Regional trails connect people with stores, parks, schools, jobs – and each other.
Planners more than a century ago envisioned a 40-mile network of trails around greater Portland. Today, residents can enjoy more than 350 miles, and long-range plans call for a 1,000-mile network.
“Regional trails give people more options and choices to explore and get around without a car,” said Robert Spurlock, a senior regional trails planner at Metro.
Regional trails are typically separated from roads. Their off-street nature makes trails more pleasant for recreational users by reducing interactions with drivers, which also makes them quicker routes for pedestrian and bike commuters.
Here are some measures trail users can take to stay safe:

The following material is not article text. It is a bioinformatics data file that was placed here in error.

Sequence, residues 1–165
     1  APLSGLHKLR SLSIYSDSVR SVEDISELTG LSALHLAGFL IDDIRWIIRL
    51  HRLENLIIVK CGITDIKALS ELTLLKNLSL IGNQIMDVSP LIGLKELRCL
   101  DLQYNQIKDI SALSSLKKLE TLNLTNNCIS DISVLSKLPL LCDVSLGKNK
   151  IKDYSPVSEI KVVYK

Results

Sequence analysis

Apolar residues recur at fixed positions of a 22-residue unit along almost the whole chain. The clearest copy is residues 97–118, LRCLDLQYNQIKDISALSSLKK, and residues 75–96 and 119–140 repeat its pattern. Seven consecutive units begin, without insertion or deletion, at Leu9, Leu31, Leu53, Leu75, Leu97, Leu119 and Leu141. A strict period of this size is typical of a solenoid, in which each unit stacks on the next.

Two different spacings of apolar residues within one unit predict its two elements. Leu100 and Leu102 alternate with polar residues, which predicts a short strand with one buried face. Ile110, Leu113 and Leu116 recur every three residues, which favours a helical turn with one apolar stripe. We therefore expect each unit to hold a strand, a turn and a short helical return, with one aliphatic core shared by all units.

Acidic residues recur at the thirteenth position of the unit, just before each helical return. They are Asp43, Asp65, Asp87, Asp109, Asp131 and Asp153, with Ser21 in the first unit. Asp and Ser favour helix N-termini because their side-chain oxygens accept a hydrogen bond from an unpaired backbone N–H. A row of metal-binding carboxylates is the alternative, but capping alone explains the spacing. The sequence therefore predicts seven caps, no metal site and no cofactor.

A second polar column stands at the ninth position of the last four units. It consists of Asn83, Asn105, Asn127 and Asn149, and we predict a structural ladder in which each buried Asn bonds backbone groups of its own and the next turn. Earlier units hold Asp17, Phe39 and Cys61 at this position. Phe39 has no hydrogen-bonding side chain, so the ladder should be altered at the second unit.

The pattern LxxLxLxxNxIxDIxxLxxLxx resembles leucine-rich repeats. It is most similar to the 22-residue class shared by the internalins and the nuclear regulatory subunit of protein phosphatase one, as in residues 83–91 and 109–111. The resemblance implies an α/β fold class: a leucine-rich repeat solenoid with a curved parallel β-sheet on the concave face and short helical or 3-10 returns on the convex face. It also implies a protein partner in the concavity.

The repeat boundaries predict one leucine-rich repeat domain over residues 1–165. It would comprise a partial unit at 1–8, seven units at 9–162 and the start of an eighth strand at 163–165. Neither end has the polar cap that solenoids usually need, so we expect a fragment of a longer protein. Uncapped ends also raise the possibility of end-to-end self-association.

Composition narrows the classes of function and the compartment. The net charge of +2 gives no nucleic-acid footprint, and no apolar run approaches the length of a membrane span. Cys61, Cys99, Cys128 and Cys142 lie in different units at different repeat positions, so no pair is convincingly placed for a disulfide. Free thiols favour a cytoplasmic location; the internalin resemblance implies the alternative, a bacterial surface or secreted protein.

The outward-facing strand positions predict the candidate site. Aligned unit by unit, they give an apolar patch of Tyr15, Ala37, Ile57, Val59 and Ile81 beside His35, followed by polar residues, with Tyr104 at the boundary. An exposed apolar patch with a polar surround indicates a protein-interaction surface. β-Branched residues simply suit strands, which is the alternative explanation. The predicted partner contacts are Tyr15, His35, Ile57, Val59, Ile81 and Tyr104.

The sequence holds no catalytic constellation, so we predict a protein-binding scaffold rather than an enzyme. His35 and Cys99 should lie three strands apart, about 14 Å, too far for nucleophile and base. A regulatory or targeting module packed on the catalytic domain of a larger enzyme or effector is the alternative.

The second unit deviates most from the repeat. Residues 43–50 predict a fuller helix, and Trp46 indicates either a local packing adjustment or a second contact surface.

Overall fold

- Always wear protective equipment, such as helmets when bicycling and skateboarding and personal flotation devices when paddling and boating.
- When using a trail in the early morning or at night, wear reflective clothing and use front and rear bike lights.
- Bicyclists should also consider installing rearview mirrors.
- Be aware of your surroundings. Know where others are around you.
- Plan ahead and know your location. Some trails, such as the Marine Drive Trail, have limited cross-streets and access points.
- Pay attention to sounds. Remove earbuds and headphones, especially near street crossings and rail lines.
- Share the trail. Stay to the right if you’re moving slowly, so people can pass in the middle of the trail.